Loading presentation...

Present Remotely

Send the link below via email or IM

Copy

Present to your audience

Start remote presentation

  • Invited audience members will follow you as you navigate and present
  • People invited to a presentation do not need a Prezi account
  • This link expires 10 minutes after you close the presentation
  • A maximum of 30 users can follow your presentation
  • Learn more about this feature in our knowledge base article

Do you really want to delete this prezi?

Neither you, nor the coeditors you shared it with will be able to recover it again.

DeleteCancel

Make your likes visible on Facebook?

Connect your Facebook account to Prezi and let your likes appear on your timeline.
You can change this under Settings & Account at any time.

No, thanks

Intro to Coordinate Proofs

Intro to Coordinate Proofs
by

Daniel Oldakowski

on 20 January 2013

Comments (0)

Please log in to add your comment.

Report abuse

Transcript of Intro to Coordinate Proofs

Introduction to Coordinate Proofs The Buildup to Coordinate Proofs The Coordinate Proof Toolbox Congratulations on completing this lesson!!! The Pythagorean Theorem In mathematics, when a statement is made, it cannot always be assumed to be true just because the teacher said it, or just because it "looks right". When we make a statement that we think is true , we need to prove it, we need to provide a proof. The proof we just worked through was a very simple example. Like all aspects of mathematics, proofs get more elaborate, more interesting, more complex, and more exciting. During the remainder of this lesson we will take a look at a certain type of proof, namely, coordinate proofs. But before we embark on our inspection of coordinate proofs, lets put together the tool box we will need to be successful. The Midpoint Formula The Distance Formula Pythagorean Theorem GP: p. 352 #2-4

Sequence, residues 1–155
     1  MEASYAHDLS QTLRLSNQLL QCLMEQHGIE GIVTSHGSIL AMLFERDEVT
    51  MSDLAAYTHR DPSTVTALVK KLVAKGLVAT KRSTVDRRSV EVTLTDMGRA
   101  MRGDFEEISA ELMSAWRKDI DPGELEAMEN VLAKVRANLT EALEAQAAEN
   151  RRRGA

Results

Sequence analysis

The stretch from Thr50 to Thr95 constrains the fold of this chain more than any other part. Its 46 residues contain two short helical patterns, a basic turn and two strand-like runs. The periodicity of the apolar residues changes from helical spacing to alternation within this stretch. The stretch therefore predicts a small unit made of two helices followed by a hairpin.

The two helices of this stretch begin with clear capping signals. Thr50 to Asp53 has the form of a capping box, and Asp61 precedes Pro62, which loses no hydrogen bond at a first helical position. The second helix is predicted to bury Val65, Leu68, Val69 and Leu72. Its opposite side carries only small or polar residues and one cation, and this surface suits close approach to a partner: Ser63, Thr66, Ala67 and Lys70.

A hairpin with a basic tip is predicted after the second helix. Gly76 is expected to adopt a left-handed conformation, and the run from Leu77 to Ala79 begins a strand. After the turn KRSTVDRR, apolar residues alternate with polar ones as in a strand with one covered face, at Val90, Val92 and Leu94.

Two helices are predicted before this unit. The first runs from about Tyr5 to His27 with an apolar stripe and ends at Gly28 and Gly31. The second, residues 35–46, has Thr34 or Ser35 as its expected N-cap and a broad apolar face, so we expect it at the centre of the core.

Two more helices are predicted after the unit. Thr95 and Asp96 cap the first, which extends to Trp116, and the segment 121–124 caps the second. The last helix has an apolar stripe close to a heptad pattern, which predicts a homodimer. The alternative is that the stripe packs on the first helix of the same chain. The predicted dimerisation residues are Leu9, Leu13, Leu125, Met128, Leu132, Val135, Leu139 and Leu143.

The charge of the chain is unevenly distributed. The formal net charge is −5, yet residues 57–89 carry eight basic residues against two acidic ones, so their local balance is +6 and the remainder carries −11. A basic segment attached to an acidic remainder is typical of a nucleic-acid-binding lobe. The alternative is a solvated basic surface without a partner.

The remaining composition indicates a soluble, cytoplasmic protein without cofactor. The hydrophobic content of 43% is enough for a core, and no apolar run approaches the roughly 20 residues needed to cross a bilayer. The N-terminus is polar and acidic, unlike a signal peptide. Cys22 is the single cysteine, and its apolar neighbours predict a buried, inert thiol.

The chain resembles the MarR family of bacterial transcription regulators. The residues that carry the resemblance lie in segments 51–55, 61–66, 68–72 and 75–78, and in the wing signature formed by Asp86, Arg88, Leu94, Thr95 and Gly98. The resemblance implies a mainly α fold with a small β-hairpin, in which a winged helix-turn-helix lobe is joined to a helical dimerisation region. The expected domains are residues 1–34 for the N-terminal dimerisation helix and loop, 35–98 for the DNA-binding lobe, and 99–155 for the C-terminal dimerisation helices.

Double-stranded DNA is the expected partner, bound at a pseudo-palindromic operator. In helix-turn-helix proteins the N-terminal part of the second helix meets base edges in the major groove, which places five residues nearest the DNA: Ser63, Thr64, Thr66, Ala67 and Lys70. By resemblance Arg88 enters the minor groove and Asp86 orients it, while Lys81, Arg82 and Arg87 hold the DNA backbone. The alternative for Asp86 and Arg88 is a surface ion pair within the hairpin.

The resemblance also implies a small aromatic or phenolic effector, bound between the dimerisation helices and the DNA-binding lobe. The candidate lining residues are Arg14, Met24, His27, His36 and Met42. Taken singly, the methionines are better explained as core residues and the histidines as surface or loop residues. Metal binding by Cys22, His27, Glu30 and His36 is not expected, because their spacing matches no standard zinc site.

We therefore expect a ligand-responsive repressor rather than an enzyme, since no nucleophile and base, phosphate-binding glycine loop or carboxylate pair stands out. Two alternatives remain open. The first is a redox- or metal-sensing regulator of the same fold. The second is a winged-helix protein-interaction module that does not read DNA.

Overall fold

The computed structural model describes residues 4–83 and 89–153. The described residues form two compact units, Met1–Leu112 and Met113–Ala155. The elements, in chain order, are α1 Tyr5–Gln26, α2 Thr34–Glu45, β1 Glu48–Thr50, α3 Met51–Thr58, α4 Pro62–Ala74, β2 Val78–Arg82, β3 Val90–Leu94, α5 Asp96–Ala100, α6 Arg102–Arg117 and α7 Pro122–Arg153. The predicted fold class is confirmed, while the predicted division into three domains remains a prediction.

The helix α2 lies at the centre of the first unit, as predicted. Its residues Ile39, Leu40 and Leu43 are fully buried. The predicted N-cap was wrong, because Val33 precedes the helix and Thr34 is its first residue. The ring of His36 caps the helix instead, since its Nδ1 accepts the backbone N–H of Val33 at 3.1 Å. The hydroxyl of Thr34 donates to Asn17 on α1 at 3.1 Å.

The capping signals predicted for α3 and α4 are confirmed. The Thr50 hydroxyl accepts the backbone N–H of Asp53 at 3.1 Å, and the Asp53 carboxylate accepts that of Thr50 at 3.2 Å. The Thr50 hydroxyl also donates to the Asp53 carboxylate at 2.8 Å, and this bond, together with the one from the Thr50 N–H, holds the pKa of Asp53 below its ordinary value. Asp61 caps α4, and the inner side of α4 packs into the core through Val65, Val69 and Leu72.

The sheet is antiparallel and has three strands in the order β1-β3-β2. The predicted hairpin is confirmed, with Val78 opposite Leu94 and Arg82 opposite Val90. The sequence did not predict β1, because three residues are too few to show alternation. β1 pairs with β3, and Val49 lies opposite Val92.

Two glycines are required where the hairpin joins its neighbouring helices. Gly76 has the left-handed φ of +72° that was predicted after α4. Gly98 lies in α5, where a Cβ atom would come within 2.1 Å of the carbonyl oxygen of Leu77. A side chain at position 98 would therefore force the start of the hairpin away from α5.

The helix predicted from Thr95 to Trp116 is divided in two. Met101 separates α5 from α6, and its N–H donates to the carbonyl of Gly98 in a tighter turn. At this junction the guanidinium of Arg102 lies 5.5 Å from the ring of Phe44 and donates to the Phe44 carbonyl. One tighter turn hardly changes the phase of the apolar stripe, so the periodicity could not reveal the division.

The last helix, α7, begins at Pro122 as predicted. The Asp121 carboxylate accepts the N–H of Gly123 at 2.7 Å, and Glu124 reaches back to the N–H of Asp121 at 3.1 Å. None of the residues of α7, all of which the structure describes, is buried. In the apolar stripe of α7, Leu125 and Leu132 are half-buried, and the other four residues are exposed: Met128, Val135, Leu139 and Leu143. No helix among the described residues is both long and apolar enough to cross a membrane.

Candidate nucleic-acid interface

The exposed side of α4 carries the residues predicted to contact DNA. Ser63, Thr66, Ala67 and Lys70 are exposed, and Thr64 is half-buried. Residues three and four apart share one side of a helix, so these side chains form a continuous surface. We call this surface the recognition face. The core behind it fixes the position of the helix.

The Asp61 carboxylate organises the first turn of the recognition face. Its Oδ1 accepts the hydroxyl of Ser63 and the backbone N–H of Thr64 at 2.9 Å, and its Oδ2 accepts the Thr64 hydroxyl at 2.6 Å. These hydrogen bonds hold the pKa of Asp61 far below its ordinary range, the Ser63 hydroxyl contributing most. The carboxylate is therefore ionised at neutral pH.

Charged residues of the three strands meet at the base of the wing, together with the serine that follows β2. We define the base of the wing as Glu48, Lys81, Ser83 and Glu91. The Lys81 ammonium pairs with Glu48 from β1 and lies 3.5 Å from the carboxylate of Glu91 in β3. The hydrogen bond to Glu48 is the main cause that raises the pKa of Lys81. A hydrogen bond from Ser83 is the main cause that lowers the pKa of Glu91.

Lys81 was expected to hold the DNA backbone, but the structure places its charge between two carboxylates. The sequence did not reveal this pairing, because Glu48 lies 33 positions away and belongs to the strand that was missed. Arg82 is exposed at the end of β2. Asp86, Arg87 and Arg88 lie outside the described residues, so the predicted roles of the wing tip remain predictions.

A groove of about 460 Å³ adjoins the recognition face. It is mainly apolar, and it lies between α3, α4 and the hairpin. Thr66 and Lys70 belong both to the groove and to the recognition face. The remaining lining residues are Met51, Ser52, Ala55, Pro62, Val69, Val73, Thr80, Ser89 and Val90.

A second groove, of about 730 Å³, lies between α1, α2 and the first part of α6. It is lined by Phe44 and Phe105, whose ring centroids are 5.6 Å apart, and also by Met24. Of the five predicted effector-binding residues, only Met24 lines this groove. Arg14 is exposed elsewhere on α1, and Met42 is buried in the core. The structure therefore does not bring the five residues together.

IP: p. 353 #15-17 Midpoint Formula GP: p. 47 # 2-5
IP: p. 47 #12-17* p. 43 p. 348
p. 350 Distance Formula GP: p. 47 #8-10
IP: p. 48 #18,21,27 p. 44 GP: p. 352 #9,10,14
IP: p. 353 #22,26,27 only determine if the triangles are right triangles. Coordinate Proof p. 267 GP: p. 270 #2-7
IP: p. 271# 10,12,18,19,22-24 A proof is a logical argument used to justify the initial statement. Here is what that means to us: when asked to write a proof, we systematically lay out the steps we go through to reach our conclusion. This can include both mathematics and explanatory sentences. This may sound novel, but, you have been doing one kind of proof all throughout your algebra classes. Proof you've seen proofs before Proofs involve the math that you already know. All we ask is that you lay out the steps one by one and provide a reason for each step. Here is an example: Suppose we have the equation 5x=10. Can you solve for x? Now, let’s state the problem a little differently. Given: 5x=10.
Prove: x=2. The process is no different from how you would have answered the first question on this page, but we will write things out more precisely.
Let’s take a look. 3. Which we can simplify to x=2. And we are done. 1. We can start by dividing both sides by 5. 2. The equation becomes (5/5) x=10/5. That was an example of an algebraic proof. No problem! This problem looks different, but don't worry, you already know how to solve this one. Coordinate proofs are proofs done using coordinate geometry (the x-y plane) and algebra. Three of the most important tools you will need for coordinate proofs are listed below. Lets look at each one in more detail. Now that we have put together the tools we need to be successful at coordinate proofs, lets look at coordinate proofs in more detail. Ex. 1-4 *on problems #16 and 17 also find the midpoint of each segment and the length of the line that connects the midpoints of each pair of points. Conceptual Question: Pythagorean Theorem Explain how to use the Pythagorean Theorem to determine if a triangle is a right triangle. Conceptual Question: Distance Formula Explain how the distance formula can be used to show two line segments are congruent. Conceptual Question: Midpoint Formula If two line segments share the same midpoint does that mean they are congruent? Draw a diagram to support your answer. Ex. 1, 2 Ex. 3
Full transcript